Almost 12,000 people have contracted the disease across 10 of the country’s 13 districts, with 217 deaths recorded as of 20 August, giving a cholera fatality rate of 1.8 percent, beyond the World Health Organisation’s (WHO) emergency threshold of 1 percent. The WHO expects that more than 32,000 people are likely to contract cholera during this outbreak.
Oxfam is calling on donor governments and the humanitarian community to increase financial and humanitarian support to the Government of Sierra Leone and its people to assist the supply of clean water and to fund adequate sanitation and hygiene measures, as well as medicine to treat those affected by the escalating crisis. Initial funding requirements were estimated at USD 5 million, half of which have been met by an allocation from the Central Emergency Response Fund (CERF). However, given the severity of the outbreak, this figure will substantially increase.
Grace Ommer, Country Director of Oxfam in Sierra Leone, said “The cholera outbreak is devastating the lives of vulnerable people such as women and child-headed families, disabled and HIV positive people and the elderly. Cholera is a highly preventable and treatable disease, and yet people are dying across the country due to a lack of safe drinking water, inadequate sanitation, and insufficient access to quick and effective medical care. Unless the humanitarian community steps up its response, cholera will continue endanger more lives.”
Oxfam is currently reaching 67,000 people in Freetown through emergency water chlorination and is seeking USD 4.2 million to help up to 500,000 people with cholera prevention kits, water purification kits and public information campaigns on how to prevent and seek early treatment of cholera. Oxfam will also be supporting local government efforts to respond to the outbreak.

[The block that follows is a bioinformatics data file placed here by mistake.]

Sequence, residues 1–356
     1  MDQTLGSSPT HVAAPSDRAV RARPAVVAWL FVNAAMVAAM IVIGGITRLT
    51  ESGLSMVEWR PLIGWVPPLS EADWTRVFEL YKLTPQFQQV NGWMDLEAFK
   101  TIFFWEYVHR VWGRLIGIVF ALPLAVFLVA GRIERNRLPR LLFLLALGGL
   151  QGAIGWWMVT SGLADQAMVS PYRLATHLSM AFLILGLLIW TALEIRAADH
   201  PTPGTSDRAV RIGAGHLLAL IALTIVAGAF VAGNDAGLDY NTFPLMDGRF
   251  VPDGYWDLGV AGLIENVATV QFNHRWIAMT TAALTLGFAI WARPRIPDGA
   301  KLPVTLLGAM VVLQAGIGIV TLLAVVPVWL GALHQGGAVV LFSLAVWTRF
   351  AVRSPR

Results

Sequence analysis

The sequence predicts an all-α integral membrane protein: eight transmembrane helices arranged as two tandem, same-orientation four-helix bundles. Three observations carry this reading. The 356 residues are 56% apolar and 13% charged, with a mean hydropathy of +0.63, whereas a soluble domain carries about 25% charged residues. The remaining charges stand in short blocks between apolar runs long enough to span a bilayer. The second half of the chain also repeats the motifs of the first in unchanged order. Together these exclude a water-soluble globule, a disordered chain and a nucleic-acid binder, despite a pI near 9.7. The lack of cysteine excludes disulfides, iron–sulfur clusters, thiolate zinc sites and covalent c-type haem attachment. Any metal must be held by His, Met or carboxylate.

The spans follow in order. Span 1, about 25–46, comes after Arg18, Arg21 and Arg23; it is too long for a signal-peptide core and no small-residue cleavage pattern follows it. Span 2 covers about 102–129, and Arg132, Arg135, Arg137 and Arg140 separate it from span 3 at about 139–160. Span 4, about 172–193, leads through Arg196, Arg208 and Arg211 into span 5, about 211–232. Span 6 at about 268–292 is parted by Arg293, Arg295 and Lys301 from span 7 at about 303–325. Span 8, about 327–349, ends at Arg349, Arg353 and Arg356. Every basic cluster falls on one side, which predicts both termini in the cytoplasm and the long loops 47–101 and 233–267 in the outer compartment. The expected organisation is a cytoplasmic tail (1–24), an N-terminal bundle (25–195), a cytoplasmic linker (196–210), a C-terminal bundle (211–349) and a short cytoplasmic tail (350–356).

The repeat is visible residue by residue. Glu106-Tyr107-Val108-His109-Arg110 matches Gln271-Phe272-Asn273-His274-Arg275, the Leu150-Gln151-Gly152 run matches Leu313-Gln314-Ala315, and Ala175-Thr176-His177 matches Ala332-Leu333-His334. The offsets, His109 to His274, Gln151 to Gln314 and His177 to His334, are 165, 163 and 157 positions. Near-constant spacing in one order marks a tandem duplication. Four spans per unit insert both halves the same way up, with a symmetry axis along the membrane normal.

Cholera is a highly-contagious disease that spreads rapidly through areas of poor sanitation, dirty water and overcrowding. The annual raining season in Sierra Leone, from May to October is usually a time when the risk of cholera increases. However, this year cholera started much early than expected, with the first cases being confirmed in January 2012. Ten years after civil war finished, Sierra Leone is still rebuilding and requires substantial investment in water and sanitation. Only 57 percent of Sierra Leoneans have access to safe drinking water, and only 40 percent have access to a private or shared latrine, leaving the majority of the people vulnerable to water-borne diseases. Sewerage systems are also extremely limited.
“The immediate priority is to ensure that people are able to prevent themselves and their families from contracting cholera, or get rapid treatment when they are affected. However, the country needs to tackle this cyclical nature of cholera. Massive investment in sanitation and water is needed to ensure an outbreak of this magnitude never happens again,” said Ommer.